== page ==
The study, based on a survey of 7,500 users of online college newspapers--including undergraduates, graduates, alumni, faculty and parents--found that 52 percent of respondents say they pay attention to contextual text links (like this one?), while just 8 percent say the same for game-based ads and only 5 percent report paying attention to pop-ups. Banner ads fared worse than text links but better than pop-ups, with non-animated banners outperforming animated ads and ads with video.
Respondents also reported that they would like their college newspapers to carry more online local ads, especially for restaurants and jobs. Sixty-four percent of survey participants said they would like more ads for local food establishments, while 57 percent wanted more job ads, 51 percent wanted more entertainment ads, and 50 percent wanted to see more ads from local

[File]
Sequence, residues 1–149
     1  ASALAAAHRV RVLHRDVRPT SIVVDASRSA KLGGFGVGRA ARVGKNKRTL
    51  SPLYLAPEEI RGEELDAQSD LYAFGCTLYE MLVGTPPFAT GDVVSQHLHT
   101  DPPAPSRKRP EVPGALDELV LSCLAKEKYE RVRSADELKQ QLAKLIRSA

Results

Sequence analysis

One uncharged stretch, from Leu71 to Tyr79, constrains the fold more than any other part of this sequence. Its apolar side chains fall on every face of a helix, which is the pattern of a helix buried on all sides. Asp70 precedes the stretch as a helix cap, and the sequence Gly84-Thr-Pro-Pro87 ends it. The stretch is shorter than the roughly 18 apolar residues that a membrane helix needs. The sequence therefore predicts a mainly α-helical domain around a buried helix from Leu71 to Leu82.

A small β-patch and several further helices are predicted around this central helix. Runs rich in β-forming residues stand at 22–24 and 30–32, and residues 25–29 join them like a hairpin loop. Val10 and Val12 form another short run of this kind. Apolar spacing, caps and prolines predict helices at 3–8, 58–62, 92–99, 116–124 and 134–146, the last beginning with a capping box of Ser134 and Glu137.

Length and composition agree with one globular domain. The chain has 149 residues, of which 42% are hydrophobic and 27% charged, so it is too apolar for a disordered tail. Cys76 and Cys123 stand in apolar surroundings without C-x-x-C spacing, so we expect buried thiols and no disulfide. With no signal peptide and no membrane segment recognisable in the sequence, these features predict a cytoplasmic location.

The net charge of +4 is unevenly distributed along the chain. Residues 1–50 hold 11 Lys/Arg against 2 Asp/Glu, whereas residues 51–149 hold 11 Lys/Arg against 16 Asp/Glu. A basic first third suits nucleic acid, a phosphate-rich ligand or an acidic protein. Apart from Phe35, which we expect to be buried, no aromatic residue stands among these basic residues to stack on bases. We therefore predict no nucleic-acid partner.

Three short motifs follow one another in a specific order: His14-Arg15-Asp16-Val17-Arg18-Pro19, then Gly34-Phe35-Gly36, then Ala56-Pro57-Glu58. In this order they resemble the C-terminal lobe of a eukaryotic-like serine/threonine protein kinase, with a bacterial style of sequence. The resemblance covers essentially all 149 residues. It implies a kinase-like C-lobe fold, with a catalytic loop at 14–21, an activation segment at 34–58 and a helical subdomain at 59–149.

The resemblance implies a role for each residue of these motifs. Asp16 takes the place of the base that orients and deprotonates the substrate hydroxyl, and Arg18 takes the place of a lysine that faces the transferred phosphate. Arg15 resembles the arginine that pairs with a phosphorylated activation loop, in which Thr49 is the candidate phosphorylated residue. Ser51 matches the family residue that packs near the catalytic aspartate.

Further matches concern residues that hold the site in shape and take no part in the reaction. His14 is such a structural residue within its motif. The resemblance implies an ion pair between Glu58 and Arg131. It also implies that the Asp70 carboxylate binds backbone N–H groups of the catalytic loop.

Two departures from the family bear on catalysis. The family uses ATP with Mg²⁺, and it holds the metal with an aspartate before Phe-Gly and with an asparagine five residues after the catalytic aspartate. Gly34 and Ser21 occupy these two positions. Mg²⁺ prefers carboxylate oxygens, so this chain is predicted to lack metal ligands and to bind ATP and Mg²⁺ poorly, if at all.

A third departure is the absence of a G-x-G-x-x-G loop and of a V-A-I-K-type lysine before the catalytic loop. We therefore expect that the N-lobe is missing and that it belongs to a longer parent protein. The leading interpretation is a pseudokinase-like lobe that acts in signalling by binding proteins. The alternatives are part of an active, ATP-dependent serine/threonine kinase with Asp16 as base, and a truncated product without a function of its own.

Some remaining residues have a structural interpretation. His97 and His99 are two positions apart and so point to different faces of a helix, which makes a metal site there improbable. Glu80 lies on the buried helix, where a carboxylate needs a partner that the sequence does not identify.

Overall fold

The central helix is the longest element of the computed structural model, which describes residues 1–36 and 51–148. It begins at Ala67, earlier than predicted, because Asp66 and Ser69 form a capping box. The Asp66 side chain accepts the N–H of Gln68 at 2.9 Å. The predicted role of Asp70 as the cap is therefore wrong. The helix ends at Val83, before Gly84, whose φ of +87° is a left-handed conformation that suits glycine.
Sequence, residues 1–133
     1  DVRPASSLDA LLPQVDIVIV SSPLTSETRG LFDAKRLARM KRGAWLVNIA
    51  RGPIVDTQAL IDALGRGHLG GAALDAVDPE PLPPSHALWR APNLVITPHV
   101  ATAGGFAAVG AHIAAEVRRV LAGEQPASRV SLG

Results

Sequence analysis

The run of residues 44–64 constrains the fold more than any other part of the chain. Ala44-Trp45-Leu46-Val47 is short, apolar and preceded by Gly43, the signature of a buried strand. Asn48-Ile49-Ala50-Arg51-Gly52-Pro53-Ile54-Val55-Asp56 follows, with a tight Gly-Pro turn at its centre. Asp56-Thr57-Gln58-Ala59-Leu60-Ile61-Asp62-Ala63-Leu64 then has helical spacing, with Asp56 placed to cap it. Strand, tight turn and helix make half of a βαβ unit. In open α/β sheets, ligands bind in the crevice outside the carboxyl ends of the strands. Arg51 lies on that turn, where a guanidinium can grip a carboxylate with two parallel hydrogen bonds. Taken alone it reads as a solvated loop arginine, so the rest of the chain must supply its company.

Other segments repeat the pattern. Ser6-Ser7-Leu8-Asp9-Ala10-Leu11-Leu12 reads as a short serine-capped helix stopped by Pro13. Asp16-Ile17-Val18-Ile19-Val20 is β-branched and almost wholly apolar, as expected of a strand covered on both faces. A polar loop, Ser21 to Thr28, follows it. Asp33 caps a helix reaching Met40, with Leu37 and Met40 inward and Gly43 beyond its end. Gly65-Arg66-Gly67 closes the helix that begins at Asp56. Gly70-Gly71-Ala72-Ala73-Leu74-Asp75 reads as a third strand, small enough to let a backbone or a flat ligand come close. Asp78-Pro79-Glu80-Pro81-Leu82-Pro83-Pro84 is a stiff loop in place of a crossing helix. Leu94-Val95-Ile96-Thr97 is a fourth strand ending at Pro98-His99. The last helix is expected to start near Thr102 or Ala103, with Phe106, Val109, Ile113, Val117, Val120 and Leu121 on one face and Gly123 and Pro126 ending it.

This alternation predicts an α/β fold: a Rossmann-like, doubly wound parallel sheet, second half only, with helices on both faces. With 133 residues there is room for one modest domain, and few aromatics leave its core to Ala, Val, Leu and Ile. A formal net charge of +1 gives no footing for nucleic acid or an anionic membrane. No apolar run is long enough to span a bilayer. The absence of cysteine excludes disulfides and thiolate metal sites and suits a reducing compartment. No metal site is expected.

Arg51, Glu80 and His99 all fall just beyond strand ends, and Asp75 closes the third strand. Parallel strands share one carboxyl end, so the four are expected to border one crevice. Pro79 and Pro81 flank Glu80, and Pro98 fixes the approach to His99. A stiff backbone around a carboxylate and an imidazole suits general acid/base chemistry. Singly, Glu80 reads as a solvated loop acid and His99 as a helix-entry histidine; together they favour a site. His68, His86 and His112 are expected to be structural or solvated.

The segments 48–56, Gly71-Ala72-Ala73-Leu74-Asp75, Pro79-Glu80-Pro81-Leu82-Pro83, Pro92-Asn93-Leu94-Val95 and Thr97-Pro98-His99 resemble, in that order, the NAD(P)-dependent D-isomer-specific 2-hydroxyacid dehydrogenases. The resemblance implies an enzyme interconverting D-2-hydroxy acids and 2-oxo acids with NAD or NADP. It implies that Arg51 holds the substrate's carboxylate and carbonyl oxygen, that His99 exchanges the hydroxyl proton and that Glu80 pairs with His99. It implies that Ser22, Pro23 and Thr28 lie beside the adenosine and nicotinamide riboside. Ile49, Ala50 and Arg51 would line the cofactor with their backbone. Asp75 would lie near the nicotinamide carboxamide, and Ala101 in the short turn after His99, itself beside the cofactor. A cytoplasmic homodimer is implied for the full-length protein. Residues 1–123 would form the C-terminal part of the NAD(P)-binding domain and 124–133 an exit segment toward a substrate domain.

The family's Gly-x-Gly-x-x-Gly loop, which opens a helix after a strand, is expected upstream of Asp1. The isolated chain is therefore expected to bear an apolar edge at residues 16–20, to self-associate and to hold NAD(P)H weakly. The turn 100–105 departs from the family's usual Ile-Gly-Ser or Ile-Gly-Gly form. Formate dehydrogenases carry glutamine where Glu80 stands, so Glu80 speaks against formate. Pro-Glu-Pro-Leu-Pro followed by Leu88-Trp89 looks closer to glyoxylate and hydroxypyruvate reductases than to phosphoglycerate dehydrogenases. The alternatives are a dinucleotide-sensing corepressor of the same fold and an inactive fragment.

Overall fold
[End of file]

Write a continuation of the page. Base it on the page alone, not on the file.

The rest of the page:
stores. (Imagine THAT.. 20-somethings actually asking for MORE ads, as long as they are relevant? There's a message in this for US too, eh?)
The study additionally found that undergraduates are turning to the Web for national news. Almost half of the surveyed students--49 percent--visit CNN.com at least once a month, while 37 percent visit MSNBC.com at least once a month and 35 percent go to NYTimes.com at least that often.
'WILL RADIO BE PUSHED OUT OF THE CONNECTED CAR?" IS THE WRONG QUESTION FOR BROADCASTERS TO ASK - A recent A&O&B Facebook post from Jaye got quite a bit of attention. It concerned a story by the Las Vegas Review-Journal’s Todd Prince speculating about w...
1 month ago